On Sat, 8 May 2010 12:55:26 -0700, "anorton"
Post by anorton Post by Doug Miller Post by Gunner Asch
Subject: Fwd: Fw: HB 1388 PASSED
[load of manure snipped]
Does it EVER cross your mind to check ANY of this stuff out before you post
it, or do you believe every piece of crap that lands in your inbox?
You see a similar phenomena in the science newsgroups. Someone develops or
latches onto some wacky theory (e.g. refuting Einstein or seeing fossils in
the Mars photos) and it becomes so much a part of their reason for being
that they will not or can not discard it regardless of the amount of
contradictory evidence presented to them. As they become more desperate,
they will misinterpret facts or accept without question any falsehood from
any source that even slightly supports their theory. As these are rebutted,
they become more threatened and threatening.
Just to be clear, I am not saying this about anyone who is conservative. I
am very middle of the road and have several intelligently conservative
friends. However, the problem is unthinking ideologues on the extreme left
of right who basically live in a fantasy world.
Quite frankly....is ANYTHING the Left does so far out and extreme that
Im curious..how many Somalis are now living in the US...victims of
"persecution...." and brought into the US by the Leftwing?
"In Africa, the Bantu-speaking peoples make up a major part of the
population of nearly all African countries south of the Sahara. They
belong to over 300 groups, each with its own language or dialect. Groups
vary in size from a few hundred to several million. Among the best known
are the Kikuyu, the largest group in Kenya; the Swahili, whose language
is spoken throughout eastern Africa; and the Zulu of South Africa.
The Somali Bantu can be subdivided into distinct groups. There are those
who are indigenous to Somalia, those who were brought to Somalia as
slaves from Bantu-speaking tribes but integrated into Somali society,
and those who were brought to Somalia as slaves but maintained, to
varying degrees, their ancestral culture, Bantu languages, and sense of
southeast African identity. It is this last group of Bantu refugees that
has particularly suffered persecution in Somalia and that is therefore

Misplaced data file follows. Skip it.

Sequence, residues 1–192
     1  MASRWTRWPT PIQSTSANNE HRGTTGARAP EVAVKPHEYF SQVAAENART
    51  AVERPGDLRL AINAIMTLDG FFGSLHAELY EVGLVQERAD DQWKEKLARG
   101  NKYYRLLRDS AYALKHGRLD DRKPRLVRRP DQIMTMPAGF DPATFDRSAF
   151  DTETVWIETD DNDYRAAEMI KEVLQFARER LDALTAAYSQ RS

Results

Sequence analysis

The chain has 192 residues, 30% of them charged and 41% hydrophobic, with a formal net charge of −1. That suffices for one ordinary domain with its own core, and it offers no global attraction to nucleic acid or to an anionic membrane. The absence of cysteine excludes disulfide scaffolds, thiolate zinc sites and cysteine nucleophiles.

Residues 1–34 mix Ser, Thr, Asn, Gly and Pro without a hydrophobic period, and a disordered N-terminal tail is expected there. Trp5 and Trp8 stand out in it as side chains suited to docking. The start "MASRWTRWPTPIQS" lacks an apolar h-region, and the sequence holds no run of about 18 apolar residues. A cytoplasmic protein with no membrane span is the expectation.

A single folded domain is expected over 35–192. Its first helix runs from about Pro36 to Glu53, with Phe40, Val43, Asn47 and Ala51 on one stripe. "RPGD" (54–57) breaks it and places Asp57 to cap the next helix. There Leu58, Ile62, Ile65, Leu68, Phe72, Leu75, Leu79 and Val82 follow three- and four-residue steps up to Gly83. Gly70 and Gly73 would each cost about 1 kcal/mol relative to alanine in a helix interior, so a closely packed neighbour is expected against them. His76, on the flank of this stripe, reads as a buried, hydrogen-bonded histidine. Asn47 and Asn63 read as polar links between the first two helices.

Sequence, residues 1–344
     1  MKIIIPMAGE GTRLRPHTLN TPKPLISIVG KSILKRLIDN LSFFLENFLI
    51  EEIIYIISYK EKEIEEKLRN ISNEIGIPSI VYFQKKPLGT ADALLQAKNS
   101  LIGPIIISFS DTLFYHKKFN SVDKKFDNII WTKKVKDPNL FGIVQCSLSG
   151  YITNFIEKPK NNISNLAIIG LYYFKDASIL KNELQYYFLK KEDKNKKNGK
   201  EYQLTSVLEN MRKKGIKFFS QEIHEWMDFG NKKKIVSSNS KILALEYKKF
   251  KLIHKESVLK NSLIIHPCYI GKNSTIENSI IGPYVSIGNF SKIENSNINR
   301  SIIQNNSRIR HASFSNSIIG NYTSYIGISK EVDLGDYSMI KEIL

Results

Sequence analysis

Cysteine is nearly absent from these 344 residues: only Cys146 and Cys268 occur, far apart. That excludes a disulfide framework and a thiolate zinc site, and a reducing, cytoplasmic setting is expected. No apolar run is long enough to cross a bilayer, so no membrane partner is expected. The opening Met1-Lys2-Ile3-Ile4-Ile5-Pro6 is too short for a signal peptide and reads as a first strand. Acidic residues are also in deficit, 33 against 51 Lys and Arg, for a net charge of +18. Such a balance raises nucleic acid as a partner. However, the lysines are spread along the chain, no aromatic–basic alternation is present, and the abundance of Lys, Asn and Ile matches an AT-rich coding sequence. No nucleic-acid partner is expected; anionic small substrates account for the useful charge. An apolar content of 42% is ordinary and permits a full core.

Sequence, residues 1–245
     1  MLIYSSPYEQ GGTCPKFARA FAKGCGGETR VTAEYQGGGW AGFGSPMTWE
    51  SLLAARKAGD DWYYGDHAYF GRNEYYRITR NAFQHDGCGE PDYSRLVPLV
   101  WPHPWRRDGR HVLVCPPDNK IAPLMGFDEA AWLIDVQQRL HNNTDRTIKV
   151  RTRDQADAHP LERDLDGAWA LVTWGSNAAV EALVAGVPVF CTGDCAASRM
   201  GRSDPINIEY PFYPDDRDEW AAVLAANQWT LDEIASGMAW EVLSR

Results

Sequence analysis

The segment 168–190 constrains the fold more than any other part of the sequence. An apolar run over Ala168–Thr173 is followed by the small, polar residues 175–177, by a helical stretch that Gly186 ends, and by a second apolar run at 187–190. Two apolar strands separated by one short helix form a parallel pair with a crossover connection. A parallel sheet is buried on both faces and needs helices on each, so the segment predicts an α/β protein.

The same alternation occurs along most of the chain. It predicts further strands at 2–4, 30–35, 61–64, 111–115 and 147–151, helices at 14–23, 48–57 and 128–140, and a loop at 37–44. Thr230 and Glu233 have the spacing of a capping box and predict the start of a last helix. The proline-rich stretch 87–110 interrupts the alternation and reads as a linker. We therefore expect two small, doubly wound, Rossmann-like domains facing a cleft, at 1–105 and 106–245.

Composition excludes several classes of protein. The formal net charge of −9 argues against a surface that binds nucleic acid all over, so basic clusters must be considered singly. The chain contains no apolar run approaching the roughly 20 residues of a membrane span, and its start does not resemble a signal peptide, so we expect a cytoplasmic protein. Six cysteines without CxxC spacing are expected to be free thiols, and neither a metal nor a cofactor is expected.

in need of protection through resettlement. These Bantu originally
sought resettlement to Tanzania in 1993 and 1994, and to Mozambique in
1997 and 1998, before they were considered for resettlement in the
United States in 1999.
As a persecuted minority group in Somalia, the Bantu refugees have
endured continual marginalization in Somalia since their arrival as
slaves in the 19th century. Although they have lived in Somalia for
approximately two centuries, these Bantu are, in many ways, viewed and
treated as foreigners. This history, coupled with their cultural,
linguistic and physical differences, distinguishes them from other
Somali refugees who have been resettled in the United States. The
culture of subjugation under which most of them lived may present
special challenges to their American resettlement caseworkers.
Today, an estimated 300 Somali Bantu live in the United States. Of
these, some have come as students, others have accompanied spouses or
other family members, and a few have been resettled as refugees. The
Somali Bantu, like other refugee groups, have tended to concentrate in
urban areas. One of the largest concentrations is in Atlanta, Georgia,
where the Bantu have established a community association, the Somali
Bantu Community Organization, to assist newly resettled Somali Bantu
The total number of Somalis living in the United States is estimated at
150,000, of whom about 40,000 are Somali refugees from the dominant
clans. With tens of thousands of Somalis, Minneapolis has the largest
Somali community in the United States. Other metropolitan areas with
large numbers of Somalis include Columbus, Ohio, New York City,
Washington, D.C., Boston, San Diego, Atlanta, and Detroit. (For more
information on Somalia in general, please see the Center for Applied
LinguisticsÕ Culture Profile on Somali refugees.)
Before the U.S. resettlement offer, faced with the prospect of
indefinite residency in the refugee camps, some Bantu refugee families
may have felt compelled to send members back to Somalia to try to claim
their former farms. However, when asked in 1996 if Bantu refugees were
still determined to resettle, a Bantu elder affirmed emphatically, ÒWe
didnÕt know what freedom was; we have been let out of the cage and we
donÕt want to go back in.Ó "
Resettlement offers are hardly new for the Leftwing
Cubans, Hmong, Iraqi, Kurdish, Iranians, Haitian, Salvadoran, Bosnian,
the list goes on and on.
And then of course are the Illegal "immigrants" from at least 5 Latin
American countries that are settled in the US, that the Left is so fond
So it was logical to think that the Friends of the Tangos, the
Democrats, would let..nay..encourage..a host of them to come to America.